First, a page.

As the the campaign against access to abortion over the last two decades has shifted to an outright campaign to overturn Roe v. Wade PSL members across the country went into the streets to mark Women’s Equality Day and continue to organize a fight back movement.
Women’s Equality Day marks the date when women won the right to vote with the passage of the 19th amendment. It was an organized movement that won the right to vote, just as it was a militant, organized women’s movement that won with the Roe v. Wade decision 50 years later. This legacy, often erased from our history books, is a legacy that must be at the core of our struggle today!
Following are reports on the Women’s Equality Day actions.
In San Francisco, a bilingual English-Spanish speakout at 24th and Mission streets drew the attention of hundreds of passersby at a busy intersection during commute hours. The speak out highlighted the intense struggle waged to secure the right to vote, and the continued struggle that was necessary after 1920 to make that vote a right for all women because of entrenched racism in U.S. society. Speakers also noted the need to fight today for our liberation from the various symptoms of women’s oppression under capitalism.
In Los Angeles the Party for Socialism and Liberation and other organizations such as #MeToo Survivors March, March and Rally Los Angeles, Gabriela Los Angeles, Anticonquista, the Full Rights for Immigrants Coalition, Los Angeles Green Party and the Anticapitalist Feminist Coalition, rallied at MacArthur Park for a speak out. Some of the pressing issues mentioned were the attacks on Roe V. Wade, the crisis at the border, the murder of transwomen, the fight for equal pay, and the gains of womens rights in socialist countries. The rally ended with a march to a local crisis pregnancy center, which pose as abortion clinics, but are actually anti-choice centers that prey on women in low-income communities by forcing them out of abortions.
In Boston, a speak out was held on August 26. Participants included about 15 people from the community as well as from the Party for Socialism and Liberation. The speakout took place in a primarily working class community of color, near a train station during rush hour. The community was receptive to our message. A representative of Committee In Solidarity with the People of El Salvador spoke on the crisis of reproductive rights or the lack thereof in El Salvador and how it is connected to forced migration to the United States. PSL speakers spoke about topics ranging from the interwoven nature of trans liberation to the overall liberation of women to the significant contribution of socialist Black women in U.S. political movements.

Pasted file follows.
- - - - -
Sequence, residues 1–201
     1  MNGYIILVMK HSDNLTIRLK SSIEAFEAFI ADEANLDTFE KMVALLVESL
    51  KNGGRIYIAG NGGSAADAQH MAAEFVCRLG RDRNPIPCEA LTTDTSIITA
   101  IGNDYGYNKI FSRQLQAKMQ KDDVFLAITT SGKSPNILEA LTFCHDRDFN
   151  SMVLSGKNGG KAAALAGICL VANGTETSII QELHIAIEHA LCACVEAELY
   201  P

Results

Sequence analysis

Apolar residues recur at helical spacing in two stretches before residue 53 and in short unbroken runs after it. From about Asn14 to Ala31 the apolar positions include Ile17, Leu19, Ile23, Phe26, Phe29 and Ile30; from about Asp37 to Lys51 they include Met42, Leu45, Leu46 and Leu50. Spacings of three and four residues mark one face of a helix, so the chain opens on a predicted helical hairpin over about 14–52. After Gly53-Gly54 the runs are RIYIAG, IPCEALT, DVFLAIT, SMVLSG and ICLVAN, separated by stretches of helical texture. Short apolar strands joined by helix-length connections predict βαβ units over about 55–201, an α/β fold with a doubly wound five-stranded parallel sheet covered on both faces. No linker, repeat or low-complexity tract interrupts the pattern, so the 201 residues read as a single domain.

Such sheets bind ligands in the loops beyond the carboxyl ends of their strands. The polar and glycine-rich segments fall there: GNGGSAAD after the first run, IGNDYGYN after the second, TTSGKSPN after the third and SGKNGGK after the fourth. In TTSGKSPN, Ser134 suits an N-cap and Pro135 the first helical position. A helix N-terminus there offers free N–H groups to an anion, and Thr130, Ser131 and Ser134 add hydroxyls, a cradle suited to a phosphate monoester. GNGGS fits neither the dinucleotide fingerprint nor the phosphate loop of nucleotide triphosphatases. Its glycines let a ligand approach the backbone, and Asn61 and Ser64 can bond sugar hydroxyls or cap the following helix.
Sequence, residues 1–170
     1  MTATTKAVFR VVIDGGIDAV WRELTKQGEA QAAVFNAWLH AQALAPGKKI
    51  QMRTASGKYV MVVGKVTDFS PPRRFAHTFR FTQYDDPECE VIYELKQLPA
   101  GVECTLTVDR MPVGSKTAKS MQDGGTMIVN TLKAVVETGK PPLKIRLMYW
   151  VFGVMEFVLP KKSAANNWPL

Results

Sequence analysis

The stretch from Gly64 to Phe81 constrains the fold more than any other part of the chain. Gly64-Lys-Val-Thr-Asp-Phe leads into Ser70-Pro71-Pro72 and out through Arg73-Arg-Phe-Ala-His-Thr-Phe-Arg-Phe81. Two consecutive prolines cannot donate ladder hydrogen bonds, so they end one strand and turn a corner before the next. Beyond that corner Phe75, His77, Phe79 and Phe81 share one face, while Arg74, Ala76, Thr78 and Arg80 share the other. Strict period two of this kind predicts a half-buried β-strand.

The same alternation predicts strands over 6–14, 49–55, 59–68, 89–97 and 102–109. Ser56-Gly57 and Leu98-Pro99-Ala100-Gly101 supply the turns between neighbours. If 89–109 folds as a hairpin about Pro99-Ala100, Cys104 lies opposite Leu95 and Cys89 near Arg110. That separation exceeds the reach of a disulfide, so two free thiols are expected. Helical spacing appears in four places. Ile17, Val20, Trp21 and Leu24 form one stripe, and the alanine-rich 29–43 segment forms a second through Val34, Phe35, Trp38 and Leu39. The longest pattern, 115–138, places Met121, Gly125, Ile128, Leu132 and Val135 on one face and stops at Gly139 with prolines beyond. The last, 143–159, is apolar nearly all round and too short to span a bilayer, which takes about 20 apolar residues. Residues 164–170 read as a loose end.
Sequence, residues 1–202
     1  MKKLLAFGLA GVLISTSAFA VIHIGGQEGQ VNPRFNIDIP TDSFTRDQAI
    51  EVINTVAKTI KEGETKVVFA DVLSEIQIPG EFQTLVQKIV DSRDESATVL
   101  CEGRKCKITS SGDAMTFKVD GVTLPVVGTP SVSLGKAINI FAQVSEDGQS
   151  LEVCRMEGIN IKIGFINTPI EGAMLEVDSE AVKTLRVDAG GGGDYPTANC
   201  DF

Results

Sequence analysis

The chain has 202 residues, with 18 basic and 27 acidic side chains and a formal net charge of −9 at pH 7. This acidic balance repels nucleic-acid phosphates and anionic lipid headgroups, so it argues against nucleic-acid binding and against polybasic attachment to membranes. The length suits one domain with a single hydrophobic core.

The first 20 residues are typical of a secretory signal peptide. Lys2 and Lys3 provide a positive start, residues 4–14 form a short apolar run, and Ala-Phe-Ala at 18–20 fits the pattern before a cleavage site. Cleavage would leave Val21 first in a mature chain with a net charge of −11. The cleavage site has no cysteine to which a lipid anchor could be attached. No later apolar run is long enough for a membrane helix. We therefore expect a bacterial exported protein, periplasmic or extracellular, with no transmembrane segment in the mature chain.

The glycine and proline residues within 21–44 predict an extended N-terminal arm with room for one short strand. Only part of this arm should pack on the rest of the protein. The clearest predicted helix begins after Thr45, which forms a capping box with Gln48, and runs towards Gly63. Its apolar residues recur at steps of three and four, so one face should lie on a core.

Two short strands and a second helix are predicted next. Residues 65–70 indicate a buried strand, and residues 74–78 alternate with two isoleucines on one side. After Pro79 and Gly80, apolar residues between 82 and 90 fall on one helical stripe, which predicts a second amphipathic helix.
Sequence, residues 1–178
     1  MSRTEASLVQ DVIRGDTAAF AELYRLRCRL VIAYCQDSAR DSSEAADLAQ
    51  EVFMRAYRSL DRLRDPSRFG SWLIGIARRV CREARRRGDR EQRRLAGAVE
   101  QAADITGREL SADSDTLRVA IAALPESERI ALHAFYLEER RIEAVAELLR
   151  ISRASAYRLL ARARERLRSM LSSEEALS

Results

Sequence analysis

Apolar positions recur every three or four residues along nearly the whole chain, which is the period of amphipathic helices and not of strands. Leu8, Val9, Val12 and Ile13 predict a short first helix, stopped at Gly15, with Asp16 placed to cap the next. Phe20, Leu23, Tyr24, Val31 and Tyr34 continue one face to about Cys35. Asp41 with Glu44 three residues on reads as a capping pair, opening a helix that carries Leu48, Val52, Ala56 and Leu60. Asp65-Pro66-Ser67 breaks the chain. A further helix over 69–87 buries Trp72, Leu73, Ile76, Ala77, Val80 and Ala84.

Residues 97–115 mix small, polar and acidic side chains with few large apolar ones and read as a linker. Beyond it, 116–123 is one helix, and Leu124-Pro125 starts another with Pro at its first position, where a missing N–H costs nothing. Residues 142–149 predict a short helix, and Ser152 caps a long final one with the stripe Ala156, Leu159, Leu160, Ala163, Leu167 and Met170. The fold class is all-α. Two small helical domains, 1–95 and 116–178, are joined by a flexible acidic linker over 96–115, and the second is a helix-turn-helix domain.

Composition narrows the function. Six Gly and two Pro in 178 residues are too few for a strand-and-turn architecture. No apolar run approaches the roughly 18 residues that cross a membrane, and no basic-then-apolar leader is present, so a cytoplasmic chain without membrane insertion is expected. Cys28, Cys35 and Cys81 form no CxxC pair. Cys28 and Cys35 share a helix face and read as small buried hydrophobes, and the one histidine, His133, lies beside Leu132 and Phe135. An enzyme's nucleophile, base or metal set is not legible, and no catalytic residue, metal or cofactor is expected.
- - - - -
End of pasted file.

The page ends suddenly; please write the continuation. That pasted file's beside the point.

New York City
In New York, a small speak out gathered at a subway stop around the corner from the Justice Center in East Harlem. Speakers gave short agitational talks that highlighted the importance of the struggle for affordable housing and how this disproportionately impacts women, the history of the fight for abortion, the gains of the revolutions for women in Venezuela and Cuba, and the Puerto Rican independence struggle and women. Many community members from different backgrounds stopped, listened, signed up and took flyers and other information. Activists distributed 500 flyers for upcoming activities, including a Breaking the Chains magazine study group on Friday Aug. 30 at the Justice Center.
In Atlanta, educational outreach around women’s issues took place at a local Farmers Market, engaging folks in the community about what Women’s Equality Day means. Organizers had flyers, books and pamphlets, ranging with a topic of issues, but most notably, information about reproductive justice in the United States. Community members were receptive and supportive to the message “The System is Sexist!”
In Columbia, a street meeting took place informing people about the H3020 fetal heartbeat ban that the house is planning on hearing on September 10 outside of session, without public knowledge. Additionally, petitions were circulated for the current right to vote campaign happening nationwide. In addition, the speakers reminded people that Women’s Equality Day also means fighting for incarcerated women. A community member named Savanna Simon, stated, “Being able to come together and spread the word about the H3020 bill that is trying to be pushed through in Columbia was very empowering and made me realize that when we unite we can win in the struggle.”